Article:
I started this list off of searching a bunch of last names that Dr. Robinson wrote in a response to a blog post. The point is people who “paved the way” for the Byzantine Text, as opposed to the Textus Receptus. Any help in expanding and clarifying this list is greatly appreciated.
1794-1852 – Johann Martin Augustin Scholz
1813-1891 – Frederick Henry Ambrose Scrivener
1886 – Edward Miller – A Guide to the Textual Criticism of the New Testament
1893 – Rev. S. W. Whitney – The Revisers’ Greek Text Volume 1 & Volume 2
2005-2018 – Dr. Maurice Robinson
From September 12th’s Daily Stoic:
Michel Foucault has a fascinating essay on journaling entitled “Self-Writing.” In it, he describes journaling as a “weapon in spiritual combat,” which is a brilliant phrase. That might seem to be overstating it, after all, is it really such a big deal to write down some of your thoughts in a notebook?
Yes. It is a big deal. As he puts it, “writing constitutes a test and a kind of touchstone: by bringing to light impulses of thought, it dispels the darkness where the enemy’s plot are hatched.” He quotes Seneca and Epictetus as evidence of this, since both believed that simply reading or listening to philosophy wasn’t enough. Philosophy to the Stoics was not just “practical” but designed to be practiced. You had to write it down too, you had to show your work. You had to put the issues you were struggling with down on paper and go through the motion of articulating the solution that you’d heard from a master or a teacher.
Foucault explains that this process has two benefits. First, it takes the philosophy from “meditation to the activity of writing and from there to…training and trial in a real situation–a labor of thought, a labor through writing, a labor in reality.” The second part, he says, is this becomes an endless, productive cycle. “The meditation precedes the notes which enable the rereading which in turn reinitiates the meditation.”
It’s quite beautiful. You learn. You struggle. You journal about the struggle. You apply what you’ve journaled about to your struggle. You reread your journaling and it teaches you new lessons to journal about and use in future struggles. It’s a truly virtuous feedback loop.
But of course, this process can only happen if you do the work. If you make time for the journaling and the writing, if you submit to the cycle. Too often, we are unwilling to do that. We claim we don’t have time. We are too self-conscious. We don’t have the right materials.
Nonsense. Start. Today. Now.
From today’s Daily Stoic email:
Saint Athanasius of Alexandria wrote in Vita Antonii that the reason he did his journaling–his confessing, as the genre was called by the Christians–was that it was a safeguard against sinning. By observing and then writing about his own behavior, he was able to hold himself accountable and make himself better.
“Let us each note and write down our actions and impulses of the soul,” he wrote, “as though we were to report them to each other; and you may rest assured that from utter shame of becoming known we shall stop sinning and entertaining sinful thoughts altogether…Just as we would not give ourselves to lust within sight of each other so if we were to write down our thoughts as if telling them to each other, we shall so much the more guard ourselves against foul thoughts for shame of being known. Now, then, let the written account stand for the eyes of our fellow ascetics, so that blushing at writing the same as if we were actually seen, we may never ponder evil.”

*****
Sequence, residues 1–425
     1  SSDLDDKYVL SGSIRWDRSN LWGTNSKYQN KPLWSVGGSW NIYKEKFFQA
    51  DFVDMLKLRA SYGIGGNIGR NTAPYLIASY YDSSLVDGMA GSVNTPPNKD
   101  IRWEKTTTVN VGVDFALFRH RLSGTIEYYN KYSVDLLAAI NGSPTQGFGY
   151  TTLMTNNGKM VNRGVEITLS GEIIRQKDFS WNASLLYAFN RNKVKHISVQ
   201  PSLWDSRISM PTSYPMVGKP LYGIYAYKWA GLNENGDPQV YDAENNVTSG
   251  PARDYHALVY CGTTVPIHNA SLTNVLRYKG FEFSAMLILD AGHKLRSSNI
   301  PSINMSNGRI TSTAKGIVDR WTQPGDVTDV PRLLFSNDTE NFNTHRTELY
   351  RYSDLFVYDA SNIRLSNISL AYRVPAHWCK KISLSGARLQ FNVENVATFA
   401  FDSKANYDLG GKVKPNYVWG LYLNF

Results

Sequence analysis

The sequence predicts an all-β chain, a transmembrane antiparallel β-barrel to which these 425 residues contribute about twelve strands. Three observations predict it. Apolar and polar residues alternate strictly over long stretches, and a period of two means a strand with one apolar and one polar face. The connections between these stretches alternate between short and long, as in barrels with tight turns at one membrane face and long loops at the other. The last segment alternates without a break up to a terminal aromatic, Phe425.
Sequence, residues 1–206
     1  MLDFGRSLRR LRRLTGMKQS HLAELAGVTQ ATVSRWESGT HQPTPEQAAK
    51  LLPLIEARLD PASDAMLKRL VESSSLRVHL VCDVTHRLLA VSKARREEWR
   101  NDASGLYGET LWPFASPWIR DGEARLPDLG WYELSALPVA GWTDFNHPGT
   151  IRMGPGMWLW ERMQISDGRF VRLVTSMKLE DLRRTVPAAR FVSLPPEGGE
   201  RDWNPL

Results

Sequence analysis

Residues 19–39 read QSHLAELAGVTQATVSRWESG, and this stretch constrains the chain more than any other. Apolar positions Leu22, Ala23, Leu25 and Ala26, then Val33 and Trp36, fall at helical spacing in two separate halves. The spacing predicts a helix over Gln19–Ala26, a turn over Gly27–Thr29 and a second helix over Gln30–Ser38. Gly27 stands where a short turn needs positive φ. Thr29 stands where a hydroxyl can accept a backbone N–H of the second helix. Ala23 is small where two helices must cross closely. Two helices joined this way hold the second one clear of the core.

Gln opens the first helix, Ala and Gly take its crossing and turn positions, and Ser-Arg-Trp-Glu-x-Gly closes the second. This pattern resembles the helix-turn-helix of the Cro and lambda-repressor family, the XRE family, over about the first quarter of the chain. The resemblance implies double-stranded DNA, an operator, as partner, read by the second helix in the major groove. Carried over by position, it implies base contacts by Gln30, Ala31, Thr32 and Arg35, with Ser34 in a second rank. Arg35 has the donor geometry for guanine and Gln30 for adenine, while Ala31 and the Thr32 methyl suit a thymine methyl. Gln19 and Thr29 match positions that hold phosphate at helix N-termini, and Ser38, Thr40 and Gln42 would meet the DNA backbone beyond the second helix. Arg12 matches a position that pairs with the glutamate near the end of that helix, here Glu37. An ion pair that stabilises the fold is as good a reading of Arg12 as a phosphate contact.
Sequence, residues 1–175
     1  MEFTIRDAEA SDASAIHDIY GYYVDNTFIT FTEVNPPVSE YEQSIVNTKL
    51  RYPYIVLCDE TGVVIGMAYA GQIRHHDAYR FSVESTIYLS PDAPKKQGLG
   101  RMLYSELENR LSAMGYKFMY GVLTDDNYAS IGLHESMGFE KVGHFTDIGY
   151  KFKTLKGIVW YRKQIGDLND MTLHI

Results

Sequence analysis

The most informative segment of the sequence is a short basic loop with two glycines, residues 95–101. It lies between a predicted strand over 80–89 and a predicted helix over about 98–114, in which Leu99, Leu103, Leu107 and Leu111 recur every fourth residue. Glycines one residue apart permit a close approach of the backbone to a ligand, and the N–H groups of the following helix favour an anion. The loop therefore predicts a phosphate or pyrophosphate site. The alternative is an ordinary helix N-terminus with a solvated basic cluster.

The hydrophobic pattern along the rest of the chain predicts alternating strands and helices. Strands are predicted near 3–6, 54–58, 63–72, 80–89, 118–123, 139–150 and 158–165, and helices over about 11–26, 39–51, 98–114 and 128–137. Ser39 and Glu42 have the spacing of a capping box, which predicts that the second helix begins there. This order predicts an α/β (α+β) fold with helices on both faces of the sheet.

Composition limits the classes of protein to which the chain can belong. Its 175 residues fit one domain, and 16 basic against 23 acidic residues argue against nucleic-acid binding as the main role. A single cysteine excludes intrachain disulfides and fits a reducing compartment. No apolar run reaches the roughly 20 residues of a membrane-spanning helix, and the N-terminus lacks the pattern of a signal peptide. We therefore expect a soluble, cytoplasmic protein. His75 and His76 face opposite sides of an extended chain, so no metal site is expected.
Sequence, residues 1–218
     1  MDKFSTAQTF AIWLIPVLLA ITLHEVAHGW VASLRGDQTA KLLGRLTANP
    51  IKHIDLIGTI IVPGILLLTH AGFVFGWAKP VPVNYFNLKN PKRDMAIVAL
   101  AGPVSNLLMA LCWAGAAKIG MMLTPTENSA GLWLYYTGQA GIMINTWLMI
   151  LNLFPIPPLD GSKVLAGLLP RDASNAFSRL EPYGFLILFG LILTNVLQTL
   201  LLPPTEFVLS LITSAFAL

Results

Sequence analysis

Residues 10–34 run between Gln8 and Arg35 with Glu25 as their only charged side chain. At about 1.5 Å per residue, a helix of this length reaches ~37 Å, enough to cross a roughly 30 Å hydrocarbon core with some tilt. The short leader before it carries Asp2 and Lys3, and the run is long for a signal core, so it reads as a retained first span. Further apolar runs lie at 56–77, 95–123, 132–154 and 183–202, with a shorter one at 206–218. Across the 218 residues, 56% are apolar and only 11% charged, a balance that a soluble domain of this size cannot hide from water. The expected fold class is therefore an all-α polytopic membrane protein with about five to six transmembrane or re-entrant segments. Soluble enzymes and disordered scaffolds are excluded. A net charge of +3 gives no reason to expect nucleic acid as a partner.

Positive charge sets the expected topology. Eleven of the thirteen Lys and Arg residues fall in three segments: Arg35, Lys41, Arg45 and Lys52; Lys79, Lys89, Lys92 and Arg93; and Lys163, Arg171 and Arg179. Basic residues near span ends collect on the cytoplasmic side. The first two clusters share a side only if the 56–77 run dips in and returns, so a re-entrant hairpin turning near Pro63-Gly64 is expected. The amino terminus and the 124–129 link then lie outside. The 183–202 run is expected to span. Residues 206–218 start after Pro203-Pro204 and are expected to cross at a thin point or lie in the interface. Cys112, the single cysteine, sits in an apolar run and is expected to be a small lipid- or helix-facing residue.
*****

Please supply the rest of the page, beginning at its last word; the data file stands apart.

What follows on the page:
The Stoics journaled for much the same reason. Seneca said the key was to put the day up for review so that one could see their faults and find a way to mend them. Epictetus said that by writing, reading and speaking our philosophical journal, we keep the teachings top of mind and are better able to follow them. Marcus, of course,said less on the subject of journaling, but left us the greatest lesson of all: his example.
When you pick up Meditations, what you see is a man confessing, debating, considering, and struggling with all of what it means to be human. Marcus said in one of his notes that he should “fight to be the person philosophy made you.” His journal is the play by play of that fight–it’s his battles with his temper, with his urges, with his fears, even with his mortality. It took a lot of work, but from what we know, he won most of those battles. Through his writing and his philosophy, light prevailed over darkness.
It’s a grand tradition and an inspiring example that each of us is called to follow. The Daily Stoic Journal is one way to do that. It prompts you to prepare for the day ahead and review the day just past. It gives you big questions to consider and standards to guide yourself towards. A blank notebook can work too. So can a letter or an email to a friend. So can a silent conversation with yourself on a long walk.
The point is, you have to do the work. You have to put up the safeguards. You have to actively fight to be the person philosophy wants you to be…in the pages of your journal.
Readers of this blog will recall that back in February I was one of four representatives of the Greek Orthodox Metropolis of Toronto (Canada) at a multi-city Youth Interfaith Initiative hosted by the Armenian Holy Apostolic Church’s Canadian Diocese and funded by the Colonial Government of Canada. I just got back from camping and hiking in Grasslands, Waterton Lakes, Banff, and Jasper National Parks and am still catching up on my emails; I have been asked to share the documentary of the event on my website and social media. So here it is.
The documentary can be viewed here.
Readers of this blog will recall that back in February I was one of four representatives of the Greek Orthodox Metropolis of Toronto (Canada) at a multi-city Youth Interfaith Initiative hosted by the Armenian Holy Apostolic Church’s Canadian Diocese and funded by the Colonial Government of Canada. I just got back from camping and hiking in Grasslands, Waterton Lakes, Banff, and Jasper National Parks and am catching up on my emails, and so it turns out I have been asked to share the trailer on my website and social media of the documentary of the event. So here it is.
The trailer can be viewed here.